Food for Thought?
I read recently, that mature women were in vogue at the moment in Hollywood, making it cool to be a fortysomething girl. (MILF is the term more commonly used). Heather Graham and Carrie-Anne Moss have a combined age of ninety but you wouldn’t believe it to look at them. Heather’s implike facial features have helped keep her young looking, but her 43 years are surely showing now, even with copious amounts of makeup. She’s still all woman in my book. Then we have Carrie-Anne Moss, The One’s other half. She looks still to be able to fit into her skin tight suit from her days doing The Matrix trilogy. It was also nice seeing Joe Mantegna, as he plays the detective in our edible thriller, but one can’t help picturing Fat Tony from The Simpsons upon hearing his velvet tones. The one constant with Joe’s performance is that he can do Joe better than anyone else. Kevin Dillon was his usual good self but this was never a difficult role for him to take on.
Director Egidio Coccimiglio has remade the cult Korean cinema classic 301, 302, and put a more western flavoured (pun intended) spin on things, with a quirky story and $4 million, he’s cooked up a nice little movie. His use of a high and bright colour palette, was not unlike the one used in Aram Rappaport’s Syrup, and uses it when we are seeing through Amy’s (Graham) eyes, and into her TV cooking show fantasy. She is obsessed with food and does nothing but talk about it all day, and when not talking about it, she’s cooking it, and she also uses it as foreplay with her husband (Dillon).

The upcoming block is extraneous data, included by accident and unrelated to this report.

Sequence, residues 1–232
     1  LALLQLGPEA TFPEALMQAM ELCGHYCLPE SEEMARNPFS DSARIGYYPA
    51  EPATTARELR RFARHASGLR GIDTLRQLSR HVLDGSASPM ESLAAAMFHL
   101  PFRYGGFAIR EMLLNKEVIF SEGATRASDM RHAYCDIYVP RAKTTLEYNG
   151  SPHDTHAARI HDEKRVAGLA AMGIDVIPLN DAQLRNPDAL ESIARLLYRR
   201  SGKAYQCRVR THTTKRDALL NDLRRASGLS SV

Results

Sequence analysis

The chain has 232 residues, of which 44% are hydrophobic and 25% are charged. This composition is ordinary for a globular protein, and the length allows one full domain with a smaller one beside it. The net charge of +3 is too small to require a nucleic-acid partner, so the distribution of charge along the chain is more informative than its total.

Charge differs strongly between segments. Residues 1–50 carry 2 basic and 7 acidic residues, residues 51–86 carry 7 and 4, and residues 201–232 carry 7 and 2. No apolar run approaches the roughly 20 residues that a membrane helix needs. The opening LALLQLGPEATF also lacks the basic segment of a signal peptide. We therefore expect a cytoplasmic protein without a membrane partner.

Saffron (Moss) has gone missing and a detective calls in on her neighbor Amy to ask her some questions, in regard to the disappearance, but he ends up getting told the story through Amy, as she tells of how she meets, then befriends the actress, but the detective is very suspicious. As well he should be.
Amy’s new mysterious neighbor is an actress, who is struggling to get work, thanks to her age, but Saffron has many secrets that she shares with no one. Enter Amy. She pushes her way into Saffron’s life, trying her best to feed her some of her fancy dishes, but for some reason, she refuses to eat anything. Eventually, Amy finds out what has troubled Saffron for years, and they then become very close friends. Amy’s husband has an African Grey parrot which goes missing. We soon learn what happened to the bird, and that opens the doors to something else entirely.
I really enjoyed this movie and think it should be well received, because it’s actually quite interesting, but I liked it for the acting most of all, so it didn’t hurt that it was just plain good as well.
Worthy of a look.
Nav Qateel, Influx Magazine.